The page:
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Perspectives vary on the Klamath Basin Restoration Agreement
First of three parts 
by Ty Beaver, Herald and News 1/30/10


     Mike Carrier says securing the federal government’s full support is one of the biggest   sticking points for the Klamath Basin Restoration Agreement.


   Jim Cook says he’s concerned the restoration agreement glosses over concerns of the Shastas by allowing Klamath tribal members to fish in their ancestral lands.


   And more than one person is worried about funding a nearly $1 billion effort to resolve water conflicts in the Klamath River watershed.  


   “Unfortunately, it will always be a challenge to fund a 50-year major restoration effort on one-year Congressional budgets,” said Glen Spain, northwest regional director of     Pacific Coast Federation of Fishermen’s Associations.


   In the first of a three part series, stakeholders were asked to detail their concerns and talk about the next steps for the restoration agreement and how its success or failure could impact the Basin’s communities.  


   Siskiyou County Supervisor Jim Cook



   Q: What, in your view, are the stickiest or most problematic parts of the KBRA? Why? A: Cook said he believes there   are several problems with the document, but he specifically mentioned about its lack of concern   for the Shasta Indians because the agreement grants unlimited fishing rights to the Klamath Tribes on lands associated with the Shastas, a non-federally recognized tribe.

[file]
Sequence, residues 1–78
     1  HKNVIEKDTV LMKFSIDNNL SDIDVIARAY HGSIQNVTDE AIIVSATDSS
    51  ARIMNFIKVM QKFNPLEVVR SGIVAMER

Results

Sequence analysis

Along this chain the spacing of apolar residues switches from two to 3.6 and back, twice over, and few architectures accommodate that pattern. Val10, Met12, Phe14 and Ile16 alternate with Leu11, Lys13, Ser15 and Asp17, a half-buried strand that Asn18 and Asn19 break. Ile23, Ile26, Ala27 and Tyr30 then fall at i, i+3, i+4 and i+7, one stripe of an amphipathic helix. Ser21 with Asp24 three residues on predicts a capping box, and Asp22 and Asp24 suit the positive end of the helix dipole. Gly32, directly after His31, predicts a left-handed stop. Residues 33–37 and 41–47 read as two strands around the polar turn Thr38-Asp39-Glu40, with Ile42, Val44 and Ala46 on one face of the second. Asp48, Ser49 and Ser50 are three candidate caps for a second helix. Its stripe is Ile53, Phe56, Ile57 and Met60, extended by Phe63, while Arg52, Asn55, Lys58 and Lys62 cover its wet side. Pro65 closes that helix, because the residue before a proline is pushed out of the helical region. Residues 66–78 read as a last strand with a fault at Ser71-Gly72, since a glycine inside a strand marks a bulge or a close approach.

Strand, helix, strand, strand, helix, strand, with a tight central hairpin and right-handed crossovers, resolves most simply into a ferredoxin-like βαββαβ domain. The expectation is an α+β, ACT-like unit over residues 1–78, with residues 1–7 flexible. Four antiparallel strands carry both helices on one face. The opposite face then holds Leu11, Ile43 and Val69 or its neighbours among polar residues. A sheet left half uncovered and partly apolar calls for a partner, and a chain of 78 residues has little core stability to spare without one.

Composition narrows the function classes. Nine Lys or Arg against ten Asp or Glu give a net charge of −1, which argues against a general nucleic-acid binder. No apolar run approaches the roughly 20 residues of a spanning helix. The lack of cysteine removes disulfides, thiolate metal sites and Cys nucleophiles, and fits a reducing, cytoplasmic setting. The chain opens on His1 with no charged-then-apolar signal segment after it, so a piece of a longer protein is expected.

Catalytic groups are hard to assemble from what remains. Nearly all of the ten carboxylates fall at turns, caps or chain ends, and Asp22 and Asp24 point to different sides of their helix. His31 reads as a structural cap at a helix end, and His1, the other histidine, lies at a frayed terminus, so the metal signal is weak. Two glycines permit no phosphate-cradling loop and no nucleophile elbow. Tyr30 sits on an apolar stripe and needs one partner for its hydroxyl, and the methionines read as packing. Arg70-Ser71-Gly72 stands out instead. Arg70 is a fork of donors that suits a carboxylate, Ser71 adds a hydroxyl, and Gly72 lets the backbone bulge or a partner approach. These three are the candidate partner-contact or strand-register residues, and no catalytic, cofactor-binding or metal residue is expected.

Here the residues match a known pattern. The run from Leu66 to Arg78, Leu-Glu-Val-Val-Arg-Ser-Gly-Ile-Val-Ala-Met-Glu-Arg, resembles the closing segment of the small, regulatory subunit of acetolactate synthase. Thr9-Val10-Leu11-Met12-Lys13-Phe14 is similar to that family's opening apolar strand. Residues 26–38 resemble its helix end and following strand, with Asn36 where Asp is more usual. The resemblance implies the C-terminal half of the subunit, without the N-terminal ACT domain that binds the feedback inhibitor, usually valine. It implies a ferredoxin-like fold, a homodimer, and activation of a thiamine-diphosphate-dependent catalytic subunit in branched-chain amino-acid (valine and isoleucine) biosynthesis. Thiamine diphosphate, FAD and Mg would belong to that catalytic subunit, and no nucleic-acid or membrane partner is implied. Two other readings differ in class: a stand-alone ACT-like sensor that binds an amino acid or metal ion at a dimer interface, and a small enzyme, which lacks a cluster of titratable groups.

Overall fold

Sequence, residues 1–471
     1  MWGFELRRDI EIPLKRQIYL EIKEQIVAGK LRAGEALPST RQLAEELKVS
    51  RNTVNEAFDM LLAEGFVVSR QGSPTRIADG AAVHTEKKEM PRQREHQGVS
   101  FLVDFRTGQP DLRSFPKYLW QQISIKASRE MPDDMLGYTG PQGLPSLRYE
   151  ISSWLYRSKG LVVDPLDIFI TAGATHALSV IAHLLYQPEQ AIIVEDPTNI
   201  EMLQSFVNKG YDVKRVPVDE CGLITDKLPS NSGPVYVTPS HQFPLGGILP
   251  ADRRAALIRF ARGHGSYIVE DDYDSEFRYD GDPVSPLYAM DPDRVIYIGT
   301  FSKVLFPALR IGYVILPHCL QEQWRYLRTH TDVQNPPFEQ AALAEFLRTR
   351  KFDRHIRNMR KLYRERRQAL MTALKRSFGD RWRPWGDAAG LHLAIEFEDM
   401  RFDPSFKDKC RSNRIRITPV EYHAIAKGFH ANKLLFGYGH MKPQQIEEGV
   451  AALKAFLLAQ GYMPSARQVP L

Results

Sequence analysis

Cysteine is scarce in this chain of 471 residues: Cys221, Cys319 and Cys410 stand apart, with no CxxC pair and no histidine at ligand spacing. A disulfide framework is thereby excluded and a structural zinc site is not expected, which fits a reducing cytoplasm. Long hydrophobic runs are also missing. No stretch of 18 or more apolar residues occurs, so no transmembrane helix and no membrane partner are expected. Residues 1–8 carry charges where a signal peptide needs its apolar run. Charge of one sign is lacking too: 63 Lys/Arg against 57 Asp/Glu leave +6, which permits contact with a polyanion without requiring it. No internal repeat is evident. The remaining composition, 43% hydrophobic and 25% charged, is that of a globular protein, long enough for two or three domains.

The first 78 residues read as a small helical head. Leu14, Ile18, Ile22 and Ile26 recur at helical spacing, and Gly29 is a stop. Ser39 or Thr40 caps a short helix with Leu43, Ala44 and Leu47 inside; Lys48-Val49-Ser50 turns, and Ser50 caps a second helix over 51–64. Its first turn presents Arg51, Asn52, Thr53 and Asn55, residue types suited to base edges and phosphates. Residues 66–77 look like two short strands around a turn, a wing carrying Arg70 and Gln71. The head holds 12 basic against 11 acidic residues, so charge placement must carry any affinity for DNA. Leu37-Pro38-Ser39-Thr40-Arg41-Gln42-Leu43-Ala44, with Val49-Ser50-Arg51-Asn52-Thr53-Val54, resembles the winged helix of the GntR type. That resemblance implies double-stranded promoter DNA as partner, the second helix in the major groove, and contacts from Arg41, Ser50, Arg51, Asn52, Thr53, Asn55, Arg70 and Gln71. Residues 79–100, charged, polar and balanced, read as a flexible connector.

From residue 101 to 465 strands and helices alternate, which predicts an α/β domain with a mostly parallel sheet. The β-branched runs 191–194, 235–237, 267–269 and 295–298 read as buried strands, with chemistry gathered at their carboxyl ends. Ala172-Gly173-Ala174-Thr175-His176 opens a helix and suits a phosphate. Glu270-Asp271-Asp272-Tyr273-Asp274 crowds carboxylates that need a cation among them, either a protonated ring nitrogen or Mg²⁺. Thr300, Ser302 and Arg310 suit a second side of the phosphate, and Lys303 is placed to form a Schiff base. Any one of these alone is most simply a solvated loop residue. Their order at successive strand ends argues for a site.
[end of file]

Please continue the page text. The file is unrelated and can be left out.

“The Shasta’s are all very concerned about the lack of care over their concerns,” he said.


   Q: What exactly is the process to get the KBRA implemented?


   A: Cook wasn’t completely clear about how the restoration agreement would be implemented, and that causes him concern because he’s worried it will not be implemented properly.  


   “It’s going to take some real work,” he said.


   Q: What’s at stake here? Who benefits, and in what ways, if the agreement is implemented? Who would benefit and how if the agreement isn’t implemented?  


   A: “All it’s going to do is change the situation on the river,” Cook said. “I don’t think there are any clear winners or losers.”


   If the restoration agreement is implemented, Cook said, he thinks it will cause new problems that will have to be fixed. If it isn’t implemented, leaders in the region will have to look for ways to solve the Basin’s water conflicts.


   Q: What about the funding? Estimates have said it would cost $1 billion over 10 years to implement the KBRA, with about $600 million of that coming from redirected funding.   Does that estimate still hold true? What about the other $400 million? Where would that come from, and how is it possible to secure that as the country continues to suffer financially?